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Offline Glassman6

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Re: RTV rubber
« Reply #22 on: June 19, 2006, 04:17 PM »
I wait 10 minutes before i place the pieces in.
When i pour, i take a spoon and rub it into the crevases of the side thats going face down.
SO when i stick it in 10 minutes later I dont have to worrry about RTV getting into the tiny places and
making airbubbles.
By this time you are pretty much pusing it in. SO you can stop when its as deep as you want it.

Another trick, is get a piece of scotch tape. long enough to run across your mold box.
and let the tape hold the piece from sinking all the way.


Offline RollaJedi

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Re: RTV rubber
« Reply #23 on: June 19, 2006, 04:30 PM »
cool!  That should really help!  Your idea on the casting you commented on (not thick enough and dripping out before it was flipped) worked well too, just to let ya know.  :)  Thanks!
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Offline Smartypants1635

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Re: RTV rubber
« Reply #24 on: June 19, 2006, 05:43 PM »
I got a perfect cast from a 2 part mold yesterday, sadly I went back and revised my sculpt. So I'm making a new mold as we speak.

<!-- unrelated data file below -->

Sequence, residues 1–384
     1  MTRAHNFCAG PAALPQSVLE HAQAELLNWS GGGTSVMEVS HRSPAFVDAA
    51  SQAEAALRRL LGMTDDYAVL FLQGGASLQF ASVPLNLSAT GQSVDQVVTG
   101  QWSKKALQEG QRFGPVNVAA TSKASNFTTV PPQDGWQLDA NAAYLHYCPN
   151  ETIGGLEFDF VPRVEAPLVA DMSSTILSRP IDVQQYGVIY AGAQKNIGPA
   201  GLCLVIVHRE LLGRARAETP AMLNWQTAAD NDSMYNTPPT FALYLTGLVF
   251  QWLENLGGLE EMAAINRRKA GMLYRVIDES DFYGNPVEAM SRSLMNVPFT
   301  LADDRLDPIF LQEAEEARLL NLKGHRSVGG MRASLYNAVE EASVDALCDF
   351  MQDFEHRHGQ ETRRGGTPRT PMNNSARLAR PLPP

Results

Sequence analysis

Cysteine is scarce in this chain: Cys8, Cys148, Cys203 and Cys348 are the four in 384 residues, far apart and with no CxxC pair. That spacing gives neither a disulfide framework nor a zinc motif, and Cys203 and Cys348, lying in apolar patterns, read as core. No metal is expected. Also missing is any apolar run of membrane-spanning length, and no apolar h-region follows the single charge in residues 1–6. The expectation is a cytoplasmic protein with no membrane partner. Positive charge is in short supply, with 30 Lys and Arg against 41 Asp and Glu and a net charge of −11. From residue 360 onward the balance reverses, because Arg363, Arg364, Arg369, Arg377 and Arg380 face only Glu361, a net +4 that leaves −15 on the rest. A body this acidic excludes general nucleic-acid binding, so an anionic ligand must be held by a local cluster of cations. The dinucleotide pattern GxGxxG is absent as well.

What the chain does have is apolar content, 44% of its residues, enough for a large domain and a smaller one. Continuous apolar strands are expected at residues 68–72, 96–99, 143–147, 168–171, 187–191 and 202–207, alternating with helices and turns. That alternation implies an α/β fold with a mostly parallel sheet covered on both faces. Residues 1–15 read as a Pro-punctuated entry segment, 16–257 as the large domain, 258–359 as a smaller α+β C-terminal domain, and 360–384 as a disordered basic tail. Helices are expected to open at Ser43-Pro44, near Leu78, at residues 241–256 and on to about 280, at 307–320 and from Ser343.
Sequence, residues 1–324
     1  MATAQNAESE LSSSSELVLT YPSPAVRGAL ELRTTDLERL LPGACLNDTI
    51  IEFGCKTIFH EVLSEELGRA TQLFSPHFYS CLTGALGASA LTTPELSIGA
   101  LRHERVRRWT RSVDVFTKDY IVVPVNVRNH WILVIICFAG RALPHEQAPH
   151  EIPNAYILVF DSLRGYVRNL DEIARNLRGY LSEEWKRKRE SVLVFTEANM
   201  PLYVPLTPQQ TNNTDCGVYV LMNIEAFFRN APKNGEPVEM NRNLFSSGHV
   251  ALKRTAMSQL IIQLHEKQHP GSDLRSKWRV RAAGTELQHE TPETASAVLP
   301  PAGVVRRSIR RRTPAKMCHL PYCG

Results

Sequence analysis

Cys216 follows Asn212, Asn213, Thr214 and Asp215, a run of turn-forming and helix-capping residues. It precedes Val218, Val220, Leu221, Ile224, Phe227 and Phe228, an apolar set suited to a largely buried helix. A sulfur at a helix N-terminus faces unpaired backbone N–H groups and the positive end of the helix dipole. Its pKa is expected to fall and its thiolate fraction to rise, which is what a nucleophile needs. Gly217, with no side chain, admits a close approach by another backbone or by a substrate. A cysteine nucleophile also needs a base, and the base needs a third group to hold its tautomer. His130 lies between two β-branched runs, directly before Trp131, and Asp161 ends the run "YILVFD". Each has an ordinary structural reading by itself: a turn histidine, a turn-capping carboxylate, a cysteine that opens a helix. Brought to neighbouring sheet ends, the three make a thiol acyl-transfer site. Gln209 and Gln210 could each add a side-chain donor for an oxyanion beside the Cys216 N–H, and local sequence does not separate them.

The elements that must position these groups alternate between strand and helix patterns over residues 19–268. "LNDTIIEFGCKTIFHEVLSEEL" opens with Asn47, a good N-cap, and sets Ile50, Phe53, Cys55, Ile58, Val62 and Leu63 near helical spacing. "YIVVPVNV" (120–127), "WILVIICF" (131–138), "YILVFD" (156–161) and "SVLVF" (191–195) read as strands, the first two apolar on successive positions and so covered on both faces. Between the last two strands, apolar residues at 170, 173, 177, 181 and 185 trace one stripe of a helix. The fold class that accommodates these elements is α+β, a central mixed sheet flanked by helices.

Offline RollaJedi

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Re: RTV rubber
« Reply #25 on: June 20, 2006, 10:53 AM »
ok, I waited 10 minutes last night and it still was goopy, so I waited some more.  I waited a total of about 30 minutes and it wasnt much better, so I stuck the stuff in there.  Naturally, it sank 3/4 of the way in some places.

Will the molds still work if they are like this?  If the top half is just a little indention of where the part jutted out some, can I still put casting stuff in there to make the cast?
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Offline Smartypants1635

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Re: RTV rubber
« Reply #26 on: June 20, 2006, 12:47 PM »
yeah, that happens to me all the time. Still works.

Offline Glassman6

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Re: RTV rubber
« Reply #27 on: June 20, 2006, 03:24 PM »
Yes it will still work. If you get a line across the piece, it just wont be down the middle.
I have quite a few molds with pieces that went 3/4 of the way in.

Offline bikeridetony

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Re: RTV rubber
« Reply #28 on: August 13, 2007, 02:56 AM »
Hi there,